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Mitt Romney on Tax Reform

Former Republican Governor (MA)


Raised service fees like highway ads, from $200 to $2,000

McCAIN: Gov. Romney raised taxes by $730 million. He called them “fees.” I’m sure the people that had to pay it, whether they called them bananas, they still had to pay $730 million extra.

ROMNEY: We raised fees $240 million. Not $730 million. Facts are stubborn things. We audited our fee increase, because, of course, we cared. Now, why did we raise fees $240 million? We had a $3 billion budget shortfall, we decided we were not going to raise taxes, and we found that some fees hadn’t been raised in as many as 20 years. These were not broad-based fees for things like getting your driver’s license or your license plate for your car, but instead something like the cost of a sign on the interstate and how much it was going to cost to publish a McDonald’s or a Burger King sign on the interstate. We went from, like, $200 a sign to $2,000 a sign to raise money for our state in a way that was consistent with the what the market had done over the ensuing years.

Source: 2008 Republican debate at Reagan Library in Simi Valley Jan 30, 2008

Fees are appropriate for the government to provide services

Q: As governor of Massachusetts, you raised hundreds of millions of dollars in additional revenue through so-called fees and loophole closings. You passed a health care bill forcing individuals to buy insurance on the threat of a fine. How do you reconcile that policy with your claim to be the authentic conservative?

A: I mentioned fees, and it’s appropriate if the state is providing a service to someone that’s not a requirement to have a car or a driver’s license, but instead, let’s say, we’re going to be taking out an oil tank from your back yard because it’s leaking into the ground and the state’s going to provide that service. But to charge a fee sufficient to do so makes a lot of sense. So the fees ought to be adjusted from time to time to compose the amount of what the cost is of providing that service. If there hasn’t been a fee raised in a couple of decades, you probably have some inflation in there you ought to adjust for.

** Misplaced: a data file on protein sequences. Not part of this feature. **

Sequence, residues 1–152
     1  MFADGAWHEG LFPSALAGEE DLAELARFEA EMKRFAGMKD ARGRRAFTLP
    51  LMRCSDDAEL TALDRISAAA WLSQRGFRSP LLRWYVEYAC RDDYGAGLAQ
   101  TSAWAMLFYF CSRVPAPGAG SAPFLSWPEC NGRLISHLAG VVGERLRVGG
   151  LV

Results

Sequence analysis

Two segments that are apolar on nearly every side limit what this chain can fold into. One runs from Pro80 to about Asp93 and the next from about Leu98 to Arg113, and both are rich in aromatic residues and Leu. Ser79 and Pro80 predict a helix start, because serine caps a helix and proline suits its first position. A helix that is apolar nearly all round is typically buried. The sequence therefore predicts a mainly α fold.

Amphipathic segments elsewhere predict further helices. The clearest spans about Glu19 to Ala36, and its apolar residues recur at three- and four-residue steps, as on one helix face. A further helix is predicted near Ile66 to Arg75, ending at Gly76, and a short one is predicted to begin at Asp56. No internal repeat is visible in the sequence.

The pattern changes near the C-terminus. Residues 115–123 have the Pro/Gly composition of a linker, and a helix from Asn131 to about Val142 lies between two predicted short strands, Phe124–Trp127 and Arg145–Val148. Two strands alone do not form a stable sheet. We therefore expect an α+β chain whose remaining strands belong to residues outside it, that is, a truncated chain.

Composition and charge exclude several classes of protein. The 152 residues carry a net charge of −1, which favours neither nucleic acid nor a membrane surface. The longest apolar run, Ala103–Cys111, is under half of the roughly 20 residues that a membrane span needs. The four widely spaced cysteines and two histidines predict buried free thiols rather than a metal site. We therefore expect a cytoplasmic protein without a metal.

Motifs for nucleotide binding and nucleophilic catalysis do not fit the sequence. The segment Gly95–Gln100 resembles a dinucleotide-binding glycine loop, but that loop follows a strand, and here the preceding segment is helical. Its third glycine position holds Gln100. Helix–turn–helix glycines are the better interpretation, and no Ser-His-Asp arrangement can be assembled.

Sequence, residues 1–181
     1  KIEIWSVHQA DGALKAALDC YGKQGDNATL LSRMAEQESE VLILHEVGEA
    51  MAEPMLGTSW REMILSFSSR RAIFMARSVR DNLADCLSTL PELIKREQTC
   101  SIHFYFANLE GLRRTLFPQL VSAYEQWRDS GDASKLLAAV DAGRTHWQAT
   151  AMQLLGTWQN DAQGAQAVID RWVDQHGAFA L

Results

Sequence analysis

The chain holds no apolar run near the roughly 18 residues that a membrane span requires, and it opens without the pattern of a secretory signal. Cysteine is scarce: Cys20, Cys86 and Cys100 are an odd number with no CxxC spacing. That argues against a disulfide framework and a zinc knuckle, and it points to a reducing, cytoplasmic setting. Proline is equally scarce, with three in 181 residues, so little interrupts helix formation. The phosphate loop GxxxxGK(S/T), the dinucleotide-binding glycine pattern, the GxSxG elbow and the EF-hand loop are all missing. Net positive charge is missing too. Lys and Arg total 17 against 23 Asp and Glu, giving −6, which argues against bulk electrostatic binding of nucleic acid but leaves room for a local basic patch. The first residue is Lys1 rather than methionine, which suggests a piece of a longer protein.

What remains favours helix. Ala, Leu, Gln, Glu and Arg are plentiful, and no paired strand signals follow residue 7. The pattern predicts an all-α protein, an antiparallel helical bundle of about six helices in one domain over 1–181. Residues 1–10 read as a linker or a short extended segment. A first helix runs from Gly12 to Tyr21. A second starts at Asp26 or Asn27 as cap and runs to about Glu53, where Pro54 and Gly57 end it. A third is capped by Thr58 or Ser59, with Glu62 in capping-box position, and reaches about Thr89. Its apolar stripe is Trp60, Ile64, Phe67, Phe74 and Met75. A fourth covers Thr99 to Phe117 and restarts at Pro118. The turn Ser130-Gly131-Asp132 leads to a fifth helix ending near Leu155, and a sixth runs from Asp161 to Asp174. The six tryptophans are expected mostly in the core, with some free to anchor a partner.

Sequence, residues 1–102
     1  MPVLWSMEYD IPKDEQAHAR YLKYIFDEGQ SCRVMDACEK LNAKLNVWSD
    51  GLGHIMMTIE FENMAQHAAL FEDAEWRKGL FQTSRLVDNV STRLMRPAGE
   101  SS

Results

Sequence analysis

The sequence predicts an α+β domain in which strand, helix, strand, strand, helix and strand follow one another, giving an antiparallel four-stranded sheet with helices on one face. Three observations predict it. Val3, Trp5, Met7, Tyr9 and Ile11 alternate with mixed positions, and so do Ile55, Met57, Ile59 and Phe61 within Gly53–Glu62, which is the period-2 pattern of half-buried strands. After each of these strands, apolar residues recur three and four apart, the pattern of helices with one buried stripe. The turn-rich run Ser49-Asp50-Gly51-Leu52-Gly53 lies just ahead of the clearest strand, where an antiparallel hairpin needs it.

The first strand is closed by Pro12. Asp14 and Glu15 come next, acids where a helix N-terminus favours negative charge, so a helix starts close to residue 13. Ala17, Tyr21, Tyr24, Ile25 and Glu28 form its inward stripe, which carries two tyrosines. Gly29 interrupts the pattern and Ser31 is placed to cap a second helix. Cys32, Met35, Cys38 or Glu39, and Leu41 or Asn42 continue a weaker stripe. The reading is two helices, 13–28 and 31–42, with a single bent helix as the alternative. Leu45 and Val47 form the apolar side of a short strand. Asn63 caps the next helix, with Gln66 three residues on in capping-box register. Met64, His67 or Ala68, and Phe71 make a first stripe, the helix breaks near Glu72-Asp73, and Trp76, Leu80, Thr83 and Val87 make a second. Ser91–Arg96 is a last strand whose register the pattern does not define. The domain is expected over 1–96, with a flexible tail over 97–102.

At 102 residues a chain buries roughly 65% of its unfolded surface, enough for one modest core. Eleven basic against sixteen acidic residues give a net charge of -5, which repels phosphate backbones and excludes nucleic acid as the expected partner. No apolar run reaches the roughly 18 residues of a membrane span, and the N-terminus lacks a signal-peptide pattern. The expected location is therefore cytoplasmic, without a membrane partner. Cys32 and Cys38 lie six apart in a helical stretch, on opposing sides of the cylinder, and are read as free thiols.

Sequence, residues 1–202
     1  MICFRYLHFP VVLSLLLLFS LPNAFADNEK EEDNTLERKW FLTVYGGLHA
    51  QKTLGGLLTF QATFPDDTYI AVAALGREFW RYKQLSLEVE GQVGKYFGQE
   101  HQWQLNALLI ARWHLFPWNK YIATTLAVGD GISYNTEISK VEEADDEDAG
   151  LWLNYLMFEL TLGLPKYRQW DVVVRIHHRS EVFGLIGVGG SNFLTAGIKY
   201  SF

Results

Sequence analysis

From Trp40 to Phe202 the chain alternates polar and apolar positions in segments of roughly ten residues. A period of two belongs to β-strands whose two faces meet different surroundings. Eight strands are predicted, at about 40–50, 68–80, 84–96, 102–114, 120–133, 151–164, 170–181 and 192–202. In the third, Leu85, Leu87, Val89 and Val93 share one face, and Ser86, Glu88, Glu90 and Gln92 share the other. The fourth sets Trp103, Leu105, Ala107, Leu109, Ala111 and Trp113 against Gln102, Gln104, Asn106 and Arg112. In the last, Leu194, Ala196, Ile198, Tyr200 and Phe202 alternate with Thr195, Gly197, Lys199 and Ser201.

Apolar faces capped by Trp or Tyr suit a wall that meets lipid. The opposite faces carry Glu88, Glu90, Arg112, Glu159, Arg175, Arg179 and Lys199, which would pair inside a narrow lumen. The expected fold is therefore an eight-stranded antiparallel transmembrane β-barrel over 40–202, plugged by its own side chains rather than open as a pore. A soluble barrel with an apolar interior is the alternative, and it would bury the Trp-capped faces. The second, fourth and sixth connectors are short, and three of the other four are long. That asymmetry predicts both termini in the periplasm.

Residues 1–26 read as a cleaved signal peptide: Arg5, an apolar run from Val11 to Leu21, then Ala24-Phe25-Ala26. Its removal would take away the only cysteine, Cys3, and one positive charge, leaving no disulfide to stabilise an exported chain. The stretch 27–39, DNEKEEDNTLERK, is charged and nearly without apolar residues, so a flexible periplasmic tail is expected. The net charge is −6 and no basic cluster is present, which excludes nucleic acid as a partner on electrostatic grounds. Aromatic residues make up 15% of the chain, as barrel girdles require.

Source: 2008 Republican debate at Reagan Library in Simi Valley Jan 30, 2008

I support the Bush tax cuts

I support the Bush tax cuts. The Bush tax cuts helped get our economy going again when we faced the last tough times. That’s why right now, as we face tough times, we need to have somebody who understands, has the private sector, the business world, the economy in their DNA. I do. I spent my life in the private sector. I know how jobs come & how they go, and I’ll make sure that we create more good jobs for this nation. One way to do that is by holding down taxes & making those tax cuts permanent.
Source: 2008 GOP debate in Boca Raton Florida Jan 24, 2008

Avoid recession with immediate middle-income tax cuts

Q: What would be your immediate first step that you would take regarding fears of a recession & some sort of economic stimulus package?

A: Well, immediately I’d go to try and get a reduction on taxes on middle income Americans. Specifically I proposed having people who earn under $200,000 a year be allowed to save their money tax-free. It means no tax on interest, dividends or capital gains. It keeps more money in their pockets. It also means that we have more capital going into the marketplace available for business startups as well as for homes.

Q: So for families earning under $200,000 a year, you’d recommend some sort of immediate tax cut, is that right?